peer pressure (1)BRIDGETOWN, Barbados, Nov 27 – One of the main contributing factors to teenage pregnancy is the early age at which girls begin their sexual experiences, according to the United Nations Population Fund (UNFPA). And it’s no secret that one of the reasons many young girls begin engaging in sexual activity before they’re mentally, emotionally – and even physically – prepared, is peer pressure. Just ask Lisa.

The outspoken and often cantankerous teen was the leader of a small clique of girls at her secondary school and considered herself a leader, not a follower. But at home, it was a different story.

Lisa was the “baby” in a household that included four older cousins. Two of them, with whom she had a very close relationship, openly discussed their sexual experiences and eventually questioned her about when she planned to “become a woman”.

She initially dismissed the question, but as the prodding continued over a course of several weeks, she started to wonder if she was really missing out. Eventually, just days before her 16th birthday, she began experimenting with sex. After engaging in unprotected sex for several months, she became pregnant.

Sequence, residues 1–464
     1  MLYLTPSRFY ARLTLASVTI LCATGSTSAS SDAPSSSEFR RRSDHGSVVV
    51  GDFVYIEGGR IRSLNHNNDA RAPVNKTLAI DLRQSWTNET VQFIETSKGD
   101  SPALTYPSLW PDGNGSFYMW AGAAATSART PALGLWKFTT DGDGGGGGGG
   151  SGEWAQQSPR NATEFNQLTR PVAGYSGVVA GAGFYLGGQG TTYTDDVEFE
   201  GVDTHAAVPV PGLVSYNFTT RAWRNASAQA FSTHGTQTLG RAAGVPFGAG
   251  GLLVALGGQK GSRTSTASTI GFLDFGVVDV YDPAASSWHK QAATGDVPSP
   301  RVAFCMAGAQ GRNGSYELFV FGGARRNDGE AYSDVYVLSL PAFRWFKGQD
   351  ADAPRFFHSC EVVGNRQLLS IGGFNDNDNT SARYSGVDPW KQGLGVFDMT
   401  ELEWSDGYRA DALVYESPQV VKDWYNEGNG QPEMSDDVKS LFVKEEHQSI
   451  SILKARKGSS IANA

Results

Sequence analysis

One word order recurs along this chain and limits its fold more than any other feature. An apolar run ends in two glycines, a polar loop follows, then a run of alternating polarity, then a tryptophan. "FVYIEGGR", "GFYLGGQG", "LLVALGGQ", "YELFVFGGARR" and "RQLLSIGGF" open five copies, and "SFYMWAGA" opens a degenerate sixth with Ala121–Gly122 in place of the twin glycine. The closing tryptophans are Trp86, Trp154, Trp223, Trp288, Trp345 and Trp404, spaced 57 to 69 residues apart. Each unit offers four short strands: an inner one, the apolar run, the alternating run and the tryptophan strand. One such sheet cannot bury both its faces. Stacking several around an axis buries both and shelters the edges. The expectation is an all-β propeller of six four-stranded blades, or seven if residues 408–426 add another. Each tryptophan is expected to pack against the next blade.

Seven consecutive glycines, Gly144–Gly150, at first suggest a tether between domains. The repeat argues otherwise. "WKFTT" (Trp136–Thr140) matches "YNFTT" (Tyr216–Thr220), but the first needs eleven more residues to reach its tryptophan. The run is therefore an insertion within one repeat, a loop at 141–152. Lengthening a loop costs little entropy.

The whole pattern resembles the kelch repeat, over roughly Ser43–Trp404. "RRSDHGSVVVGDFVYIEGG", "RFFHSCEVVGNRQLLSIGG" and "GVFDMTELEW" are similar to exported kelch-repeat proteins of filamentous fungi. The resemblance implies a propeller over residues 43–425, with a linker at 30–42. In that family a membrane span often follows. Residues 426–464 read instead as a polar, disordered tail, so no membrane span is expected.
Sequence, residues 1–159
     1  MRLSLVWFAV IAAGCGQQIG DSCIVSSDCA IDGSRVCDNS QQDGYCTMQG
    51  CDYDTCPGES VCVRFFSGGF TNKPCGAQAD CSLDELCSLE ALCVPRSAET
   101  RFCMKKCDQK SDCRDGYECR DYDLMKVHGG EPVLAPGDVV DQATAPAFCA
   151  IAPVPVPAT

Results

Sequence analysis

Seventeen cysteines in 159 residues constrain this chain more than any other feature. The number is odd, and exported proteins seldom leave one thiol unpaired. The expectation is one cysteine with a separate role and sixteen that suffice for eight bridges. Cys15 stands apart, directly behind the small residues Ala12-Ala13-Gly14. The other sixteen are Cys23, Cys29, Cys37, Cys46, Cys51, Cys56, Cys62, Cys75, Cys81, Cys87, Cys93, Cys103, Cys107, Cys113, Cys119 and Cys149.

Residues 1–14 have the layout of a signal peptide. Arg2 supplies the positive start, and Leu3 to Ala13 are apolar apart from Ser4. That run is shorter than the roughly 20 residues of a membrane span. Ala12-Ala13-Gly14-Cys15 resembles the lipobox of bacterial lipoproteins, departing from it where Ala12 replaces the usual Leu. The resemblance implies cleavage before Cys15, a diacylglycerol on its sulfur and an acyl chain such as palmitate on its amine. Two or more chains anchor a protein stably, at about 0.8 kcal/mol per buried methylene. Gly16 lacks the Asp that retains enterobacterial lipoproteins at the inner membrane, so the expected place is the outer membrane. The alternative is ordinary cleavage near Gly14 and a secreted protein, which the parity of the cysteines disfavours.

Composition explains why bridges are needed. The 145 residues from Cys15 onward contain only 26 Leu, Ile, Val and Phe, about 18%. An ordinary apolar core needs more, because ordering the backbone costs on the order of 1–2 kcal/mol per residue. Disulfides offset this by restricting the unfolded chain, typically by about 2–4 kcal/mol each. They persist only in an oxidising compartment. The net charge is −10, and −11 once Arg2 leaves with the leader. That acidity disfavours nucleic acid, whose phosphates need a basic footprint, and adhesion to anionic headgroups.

A comprehensive study on adolescent health in the Caribbean among nearly 16,000 adolescents of nine countries in the region concluded that 34.1 per cent (22.2 per cent male and 51.9 per cent female) has had sexual intercourse before the age of 19.

What’s more, 63.4 per cent of those children – 40.3 per cent male and 78 per cent female – had their first sexual encounter before the age of 12.

peer pressure (2)Studies carried out in the Caribbean have found that peer pressure is, in fact, a factor in teenagers deciding whether to have sex.

“Youth who perceived their friends to be sexually active and those who felt their friends would make fun of them if they did not have sex were more likely to be sexually active,” the UNFPA said of the studies.

It is against this background that the Fund highlights that finding adequate approaches for delaying sexual debut and, in the case of consenting and sexually active adolescents, for providing access to information and sexual and reproductive health services, are crucial.